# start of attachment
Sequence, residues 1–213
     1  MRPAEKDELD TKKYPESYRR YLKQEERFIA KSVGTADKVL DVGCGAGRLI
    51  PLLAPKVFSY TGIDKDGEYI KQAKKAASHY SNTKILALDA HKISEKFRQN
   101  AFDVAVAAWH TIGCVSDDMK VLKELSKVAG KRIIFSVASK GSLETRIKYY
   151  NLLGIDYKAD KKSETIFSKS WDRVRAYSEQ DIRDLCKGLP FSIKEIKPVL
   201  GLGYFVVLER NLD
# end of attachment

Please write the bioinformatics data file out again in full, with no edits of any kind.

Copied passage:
Sequence, residues 1–213
     1  MRPAEKDELD TKKYPESYRR YLKQEERFIA KSVGTADKVL DVGCGAGRLI
    51  PLLAPKVFSY TGIDKDGEYI KQAKKAASHY SNTKILALDA HKISEKFRQN
   101  AFDVAVAAWH TIGCVSDDMK VLKELSKVAG KRIIFSVASK GSLETRIKYY
   151  NLLGIDYKAD KKSETIFSKS WDRVRAYSEQ DIRDLCKGLP FSIKEIKPVL
   201  GLGYFVVLER NLD